In some specific circumstances, the usual requirements related to consent may not apply. In this case, identify legislation relevant to your practice setting. Legislation may include the Human Tissue Gift Act, the Mental Health Act, and the Public Health Act.

Know your organization's policies about any relevant legislation related to consent. When policies are inadequate or inappropriate, participate in refining and strengthening them.

Working with other health care professionals

If you are involved in care or treatment that is being provided by another health professional (e.g., surgery), make sure that your client has given consent and check that he or she has sufficient information and understanding of the proposed care or treatment. If your client does not, help him or her understand information that has been provided by the other health professional or, if necessary, support your client in getting more information.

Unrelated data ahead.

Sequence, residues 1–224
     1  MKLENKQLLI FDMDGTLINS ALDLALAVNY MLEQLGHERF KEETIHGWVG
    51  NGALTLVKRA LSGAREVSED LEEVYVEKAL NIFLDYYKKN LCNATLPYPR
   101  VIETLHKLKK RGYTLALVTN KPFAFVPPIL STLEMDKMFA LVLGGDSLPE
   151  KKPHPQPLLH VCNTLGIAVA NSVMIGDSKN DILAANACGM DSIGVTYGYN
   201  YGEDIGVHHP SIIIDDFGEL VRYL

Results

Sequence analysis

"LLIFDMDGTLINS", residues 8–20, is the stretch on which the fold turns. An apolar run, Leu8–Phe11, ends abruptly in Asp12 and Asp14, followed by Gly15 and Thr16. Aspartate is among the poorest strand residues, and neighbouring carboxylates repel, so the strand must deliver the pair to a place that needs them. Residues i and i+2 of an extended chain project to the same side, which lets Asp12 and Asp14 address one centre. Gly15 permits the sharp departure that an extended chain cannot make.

If you are establishing a plan for nursing care that will be carried out by a team, ask the client or substitute decision-maker to consent to the overall plan for nursing care. This overall consent makes it easier to perform those repetitive aspects of care that the nursing team routinely carries out.

Ethical considerations 

When clients have a reduced capacity for decision-making, support them to participate in making decisions that are within their capacity.

If you have any concerns about consent, you are obligated to take appropriate action. Taking action can include:

  • Asking the client again for consent if you are in doubt about your client's wishes.
  • Informing another health professional that the client does not have sufficient information about the care or treatment the professional intends to carry out.
  • Providing additional information.
  • Providing information through an alternate mode (e.g., using visual aids or sign language, speaking in the client's mother tongue). 
  • Helping the client to seek another opinion.
  • Raising issues so they can be addressed by others (e.g., where coercion is suspected).

Glossary

Advance directive: A consent or a refusal in advance of the need for health care arising that complies with the requirements of the Health Care (Consent) and Care Facility (Admission) Act.